Blues guitarist Johnny Winter was remembered last weekend with a high-energy tribute show at New York’s B.B. King Blues Club. The comfortable venue, where many blues artists and classic rockers have appeared, was an ideal spot for the concert, since King was an early influence on Winter.

Like guitarists Eric Clapton and Jeff Beck, Winter was a pioneer of blues rock in the late '60s, when skeptics were still asking, “Can white men play the blues?”

The Johnny Winter Band – guitarist Paul Nelson, bassist Scott Spray and Tommy Curiale on drums – was fronted by Jay Stollman, whom Nelson credited as one of Winter’s favorite singers. (Nelson, Spray and Curiale toured with Winter and played on his last LP, ‘Step Back,’ which was released last month.)

Veteran blues artists -- including singer James Montgomery and guitarists Joe Louis Walker, Debbie Davies, Arlen Roth and Jeff Pitchell -- dropped in to honor their friend and mentor who died on July 16 at the age of 70. The evening kicked off with a screening of the documentary ‘Johnny Winter: Down and Dirty,’ which tracks the guitarist on tour. Johnny's brother Edgar Winter and various band members describe Winter’s rough-and-tumble life that included bad management, heavy drinking and smoking and an addiction to heroin and then methadone.

The film begins with Winter at home as he listens to ‘Crossroads’ by Robert Johnson, a giant influence on the guitarist. Winter says that the blues standard “wasn’t near as good” when Cream covered it in the late '60s. The blues legend also reveals that listening to Chuck Berry inspired him to learn the guitar, and is visibly moved as he talks about the death of his friend and blues legend Muddy Waters.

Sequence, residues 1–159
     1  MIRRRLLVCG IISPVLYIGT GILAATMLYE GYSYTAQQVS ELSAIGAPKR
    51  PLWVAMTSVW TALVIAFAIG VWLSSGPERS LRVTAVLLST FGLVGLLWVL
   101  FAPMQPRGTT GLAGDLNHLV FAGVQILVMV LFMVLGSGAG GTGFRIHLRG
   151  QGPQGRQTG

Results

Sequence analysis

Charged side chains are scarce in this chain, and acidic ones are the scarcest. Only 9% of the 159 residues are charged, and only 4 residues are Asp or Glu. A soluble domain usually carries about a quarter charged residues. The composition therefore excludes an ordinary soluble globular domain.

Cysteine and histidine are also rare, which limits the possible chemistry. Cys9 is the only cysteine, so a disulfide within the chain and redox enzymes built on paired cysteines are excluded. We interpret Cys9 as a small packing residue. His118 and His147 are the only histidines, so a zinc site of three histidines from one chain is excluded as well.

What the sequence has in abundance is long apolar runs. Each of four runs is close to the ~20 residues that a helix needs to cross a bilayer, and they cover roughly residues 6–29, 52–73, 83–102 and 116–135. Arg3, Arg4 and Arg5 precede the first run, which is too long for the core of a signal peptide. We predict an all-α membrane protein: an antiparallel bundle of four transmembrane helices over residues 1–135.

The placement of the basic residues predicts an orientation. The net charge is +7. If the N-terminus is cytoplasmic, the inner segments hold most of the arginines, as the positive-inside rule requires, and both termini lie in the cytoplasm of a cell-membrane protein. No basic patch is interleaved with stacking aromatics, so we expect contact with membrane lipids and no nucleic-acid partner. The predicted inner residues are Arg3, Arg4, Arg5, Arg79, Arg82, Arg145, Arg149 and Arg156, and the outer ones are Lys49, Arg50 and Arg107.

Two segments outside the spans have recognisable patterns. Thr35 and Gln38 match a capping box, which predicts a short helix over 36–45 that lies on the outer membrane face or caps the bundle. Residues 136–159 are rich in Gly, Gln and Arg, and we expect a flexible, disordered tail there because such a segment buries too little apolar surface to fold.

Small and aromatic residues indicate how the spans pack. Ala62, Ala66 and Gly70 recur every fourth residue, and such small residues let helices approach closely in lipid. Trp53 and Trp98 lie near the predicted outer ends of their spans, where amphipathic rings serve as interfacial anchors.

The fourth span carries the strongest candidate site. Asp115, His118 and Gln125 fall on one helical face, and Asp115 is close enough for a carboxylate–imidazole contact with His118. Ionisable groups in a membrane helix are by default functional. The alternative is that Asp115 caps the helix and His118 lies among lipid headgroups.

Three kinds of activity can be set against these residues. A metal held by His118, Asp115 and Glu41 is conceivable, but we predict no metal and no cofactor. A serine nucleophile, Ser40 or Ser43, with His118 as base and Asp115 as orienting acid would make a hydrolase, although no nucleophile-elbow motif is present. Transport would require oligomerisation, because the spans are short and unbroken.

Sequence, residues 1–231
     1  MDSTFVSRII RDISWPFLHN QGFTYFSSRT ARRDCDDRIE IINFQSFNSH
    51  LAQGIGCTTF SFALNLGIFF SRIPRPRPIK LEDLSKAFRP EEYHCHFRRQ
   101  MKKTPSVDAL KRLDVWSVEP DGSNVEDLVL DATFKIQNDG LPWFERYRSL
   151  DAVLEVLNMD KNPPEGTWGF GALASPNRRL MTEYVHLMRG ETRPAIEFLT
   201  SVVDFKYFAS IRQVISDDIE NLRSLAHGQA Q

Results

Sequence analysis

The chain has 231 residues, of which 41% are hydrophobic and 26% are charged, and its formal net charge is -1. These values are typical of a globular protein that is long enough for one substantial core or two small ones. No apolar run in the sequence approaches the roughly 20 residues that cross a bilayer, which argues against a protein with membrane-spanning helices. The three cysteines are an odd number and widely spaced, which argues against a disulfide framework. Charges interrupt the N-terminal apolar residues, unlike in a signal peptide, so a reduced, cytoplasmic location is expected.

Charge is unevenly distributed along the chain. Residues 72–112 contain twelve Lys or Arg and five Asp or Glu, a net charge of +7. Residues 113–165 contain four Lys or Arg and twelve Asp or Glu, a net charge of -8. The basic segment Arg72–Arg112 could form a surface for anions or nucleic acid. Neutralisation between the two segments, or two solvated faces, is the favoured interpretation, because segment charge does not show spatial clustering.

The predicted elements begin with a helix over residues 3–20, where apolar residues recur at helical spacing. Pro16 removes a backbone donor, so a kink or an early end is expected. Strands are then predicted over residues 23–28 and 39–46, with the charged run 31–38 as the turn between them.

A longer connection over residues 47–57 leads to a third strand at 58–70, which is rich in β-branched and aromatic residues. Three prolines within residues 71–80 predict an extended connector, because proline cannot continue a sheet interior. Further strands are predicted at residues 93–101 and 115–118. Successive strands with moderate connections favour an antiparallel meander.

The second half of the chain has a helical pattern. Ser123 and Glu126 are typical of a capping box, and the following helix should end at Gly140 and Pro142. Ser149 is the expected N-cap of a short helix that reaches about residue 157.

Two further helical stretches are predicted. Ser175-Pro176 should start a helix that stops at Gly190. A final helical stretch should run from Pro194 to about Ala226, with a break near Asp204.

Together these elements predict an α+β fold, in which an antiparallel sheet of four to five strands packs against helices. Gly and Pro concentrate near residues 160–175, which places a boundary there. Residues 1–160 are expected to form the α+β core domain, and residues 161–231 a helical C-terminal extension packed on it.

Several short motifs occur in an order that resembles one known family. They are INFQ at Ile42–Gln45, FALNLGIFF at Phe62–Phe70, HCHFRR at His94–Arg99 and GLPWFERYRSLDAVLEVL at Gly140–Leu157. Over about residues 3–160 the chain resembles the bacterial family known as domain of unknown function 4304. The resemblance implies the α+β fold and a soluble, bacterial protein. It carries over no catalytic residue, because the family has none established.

The Winter Band quickly changed the mood as it launched into ‘Bony Moronie,’ the Larry Williams hit that Winters recorded on ‘Captured Live!’ The blues dominated the first half of the set, which featured ‘Don’t Want No Woman’ from Winters’ last studio LP, ‘Step Back.’ Harpist Frank Latorre joined for the Ray Charles chestnut ‘Blackjack.’

In the film, Winter revealed that he felt he had sold out when he shifted to rock in 1970, the year joined Rick Derringer and members of the McCoys in the short-lived band Johnny Winter And.

Winter's rock numbers kicked off the show's second half as guitarist Gary Hoey contributed a scorching solo on the Rolling Stones’ ‘Jumpin’ Jack Flash.’ The crowd was energized by the band’s take on ‘Rock and Roll, Hoochie Koo,’ a song Derringer first wrote and recorded with Johnny Winter And. After the breakup of that group, Derringer recorded a solo version that reached No. 23 in 1973.

The band kept up the pace with ‘It’s All Over Now,’ Bobby Womack's classic covered by the Stones, and Johnson’s ‘Dust My Broom.’

All of the night’s performers took the stage for the show closer, a raucous rendition of ‘Johnny B. Goode.’ The Chuck Berry classic, which Winter covered on the ‘Live Johnny Winter And’ LP, had become his signature songs at concerts over the years.

Take a look at some exclusive photos from the show.

Johnny Winter Band Fronted by Jay Stollman

Frank Mastropolo

Debbie Davies and Scott Spray

Frank Mastropolo

Scott Spray and Gary Hoey

Frank Mastropolo

Frank Latorre and Jay Stollman

Frank Mastropolo

Tommy Curiale

Frank Mastropolo